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Ashic Children's Cancer Hospital

Our second full day in Dhaka was busy and challenging. It is hard to put into words the emotions you go through when visiting our projects but I shall try.

The Ashic Palliative Care Unit was set up in 1994 by Salma Choudhury in memory of her son Ashic, who sadly was unable to obtain care for his cancer diagnosis and passed away.

They have two main locations. The first specialises in retinal blastoma - cancer of the eyes. It has 9 beds and administers chemotherapy for underprivileged children. Their other main location provides accommodation for children undergoing palliative care in Dhaka's hospitals who would otherwise be unable to afford to stay in Dhaka for the treatment.

When we visited the treatment centre we met 3 young patients who were undergoing chemotherapy for various stages of eye cancer. Sinja was just over 1. His cancer had been caught early and the chemotherapy, if successful might save his eye and prevent the need for surgery.

Maryam was 5. She had already undergone surgery in her right eye and was having intravenous chemo. She was obviously not feeling well and understandably didn't want to engage with us. She was very sad and upset.

Then there was Yaya. He was just 3 years old. It was shocking to see his tumor extending from his eye. It will stay with me for a long time. It is a situation that simply would just not be allowed to develop in the western world but in Bangladesh, a combination of lack of education, little medical screening and poverty combine to produce situations where diseases are left to fester and spread. Yaya was clearly not well but he was lively and delighted with the toy car we gave him. The chemo he was undergoing was an attempt to stop the cancer spreading whilst he awaited surgery. He would be losing his eye but the doctors hoped it would not spread and his other eye could be saved.

Ashic provides this care either free or discounted. Sadly, there is just too much demand and not enough funds for all treatments to be completely free but, where funds allow, the chemotherapy is offered to poor families at a fraction of the true cost. The centre also often provides free transport for children from outside of Dhaka who would otherwise be unable to afford to attend.

All of this isn't cheap. The Orphan Trust provides funds to pay the salary of one of the doctors at the unit which helps to subsidise treatment charges. The main expense for families though is the cost of the chemotherapy drugs themselves. They are 10,000 takka per session which is about £83. Each child will need a minimum of 6 treatments but some, with more advanced cancer, will need up to 18 treatments. So the minimum cost is £500 but can be up to £1,500. These are enormous sums for poor families to find when the average salary per year in Bangladesh is under £500. This is why the unit sees many cases where treatment has been delayed on not completed and so the cancer has spread to both of the child's eyes.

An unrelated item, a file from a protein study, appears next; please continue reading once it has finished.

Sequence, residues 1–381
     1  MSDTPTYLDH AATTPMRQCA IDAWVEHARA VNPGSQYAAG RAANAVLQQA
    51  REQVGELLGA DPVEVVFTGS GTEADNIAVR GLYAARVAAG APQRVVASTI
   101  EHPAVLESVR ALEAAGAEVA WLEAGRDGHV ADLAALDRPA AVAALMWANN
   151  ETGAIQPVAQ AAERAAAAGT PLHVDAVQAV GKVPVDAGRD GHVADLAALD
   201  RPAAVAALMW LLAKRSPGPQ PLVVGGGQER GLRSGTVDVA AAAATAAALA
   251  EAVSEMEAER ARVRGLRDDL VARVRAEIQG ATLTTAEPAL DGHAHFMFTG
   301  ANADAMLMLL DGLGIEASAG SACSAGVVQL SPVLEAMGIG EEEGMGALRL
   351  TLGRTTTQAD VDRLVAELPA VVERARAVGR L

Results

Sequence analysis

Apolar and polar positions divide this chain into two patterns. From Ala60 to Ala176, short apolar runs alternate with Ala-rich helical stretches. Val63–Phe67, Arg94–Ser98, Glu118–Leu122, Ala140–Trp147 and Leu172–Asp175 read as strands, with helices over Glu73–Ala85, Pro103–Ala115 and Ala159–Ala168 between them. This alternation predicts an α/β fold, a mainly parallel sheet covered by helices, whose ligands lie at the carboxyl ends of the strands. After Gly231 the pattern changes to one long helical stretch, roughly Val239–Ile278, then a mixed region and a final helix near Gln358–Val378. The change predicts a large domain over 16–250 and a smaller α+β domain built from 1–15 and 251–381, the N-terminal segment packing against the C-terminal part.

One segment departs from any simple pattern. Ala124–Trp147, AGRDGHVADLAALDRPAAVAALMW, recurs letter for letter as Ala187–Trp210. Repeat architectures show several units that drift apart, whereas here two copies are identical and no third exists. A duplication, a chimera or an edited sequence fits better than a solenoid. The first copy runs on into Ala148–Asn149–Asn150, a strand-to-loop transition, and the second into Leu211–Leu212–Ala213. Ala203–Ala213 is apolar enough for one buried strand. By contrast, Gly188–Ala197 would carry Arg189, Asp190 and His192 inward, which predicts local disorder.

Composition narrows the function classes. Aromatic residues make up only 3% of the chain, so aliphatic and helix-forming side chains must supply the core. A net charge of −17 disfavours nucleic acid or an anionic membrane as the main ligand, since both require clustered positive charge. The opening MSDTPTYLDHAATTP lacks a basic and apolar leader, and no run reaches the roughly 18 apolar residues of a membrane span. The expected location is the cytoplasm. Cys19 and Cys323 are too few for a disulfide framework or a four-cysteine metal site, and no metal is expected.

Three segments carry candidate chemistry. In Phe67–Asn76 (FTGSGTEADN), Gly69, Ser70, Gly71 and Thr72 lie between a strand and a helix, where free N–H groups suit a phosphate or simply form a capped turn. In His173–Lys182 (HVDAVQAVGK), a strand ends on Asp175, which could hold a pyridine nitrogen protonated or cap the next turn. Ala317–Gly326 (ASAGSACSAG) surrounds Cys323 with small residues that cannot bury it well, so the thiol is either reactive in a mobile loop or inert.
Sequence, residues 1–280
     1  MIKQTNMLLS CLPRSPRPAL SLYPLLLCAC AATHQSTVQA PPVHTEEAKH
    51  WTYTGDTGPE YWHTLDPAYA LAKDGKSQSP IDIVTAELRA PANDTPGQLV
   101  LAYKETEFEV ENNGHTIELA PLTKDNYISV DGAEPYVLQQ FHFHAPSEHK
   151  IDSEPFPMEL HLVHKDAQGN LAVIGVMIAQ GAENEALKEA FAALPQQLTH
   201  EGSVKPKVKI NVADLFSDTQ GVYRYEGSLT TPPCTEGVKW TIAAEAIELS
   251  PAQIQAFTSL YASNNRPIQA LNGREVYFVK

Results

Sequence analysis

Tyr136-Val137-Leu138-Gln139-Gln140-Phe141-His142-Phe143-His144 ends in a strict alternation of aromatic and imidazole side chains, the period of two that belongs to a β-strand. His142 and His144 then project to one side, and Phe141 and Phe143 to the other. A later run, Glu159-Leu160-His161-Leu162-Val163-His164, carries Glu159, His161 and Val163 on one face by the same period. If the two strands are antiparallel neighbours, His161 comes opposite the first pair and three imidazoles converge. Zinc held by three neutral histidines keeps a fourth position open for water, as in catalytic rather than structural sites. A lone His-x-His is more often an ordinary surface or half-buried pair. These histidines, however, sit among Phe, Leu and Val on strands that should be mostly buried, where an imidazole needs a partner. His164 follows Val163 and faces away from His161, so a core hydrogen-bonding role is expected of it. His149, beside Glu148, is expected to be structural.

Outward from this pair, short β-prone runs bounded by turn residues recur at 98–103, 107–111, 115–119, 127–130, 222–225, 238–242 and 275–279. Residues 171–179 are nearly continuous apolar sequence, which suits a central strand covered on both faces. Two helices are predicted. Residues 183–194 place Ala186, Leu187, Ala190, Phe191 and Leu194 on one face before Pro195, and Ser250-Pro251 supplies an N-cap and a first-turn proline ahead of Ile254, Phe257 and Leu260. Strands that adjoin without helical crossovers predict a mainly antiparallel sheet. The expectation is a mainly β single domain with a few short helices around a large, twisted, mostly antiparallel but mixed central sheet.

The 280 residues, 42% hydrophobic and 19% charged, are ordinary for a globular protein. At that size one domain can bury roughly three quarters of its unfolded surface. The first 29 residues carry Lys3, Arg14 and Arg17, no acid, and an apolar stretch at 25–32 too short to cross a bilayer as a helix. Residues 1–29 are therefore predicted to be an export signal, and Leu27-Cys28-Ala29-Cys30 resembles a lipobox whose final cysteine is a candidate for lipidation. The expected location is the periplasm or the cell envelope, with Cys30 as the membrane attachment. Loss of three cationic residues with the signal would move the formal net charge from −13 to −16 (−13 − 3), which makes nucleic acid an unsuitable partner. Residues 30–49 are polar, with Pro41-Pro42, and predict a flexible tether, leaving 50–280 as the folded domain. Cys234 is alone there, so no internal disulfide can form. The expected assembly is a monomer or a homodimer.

The unit treats around 30 children each month but the demand is much much more than that. Unfortunately, without any Government funding, the numbers have to be restricted.

We were then taken to Ashic's palliative care unit which has 20 beds and offers a safe place to stay for children and one of their parents to stay which is close to the hospital where treatment and surgery is being undertaken. Without the facilities and dedicated staff, families would not be able to afford to visit Dhaka for treatment and so their child's cancer would spread unchecked. The ward offers not only a place to stay but also somewhere for children to play and sadly often provides end of life care.

We would like to continue to support Ashic through doctor sponsorship but also treatment sponsorship. If you are interested to sponsor 2 chemotherapy treatments, it would cost just £15 per month. If 3 people can do this, that is enough to give chemotherapy treatment for one child. We left them with some of the Lego sets donated to us but please help us to continue to support this amazing place.

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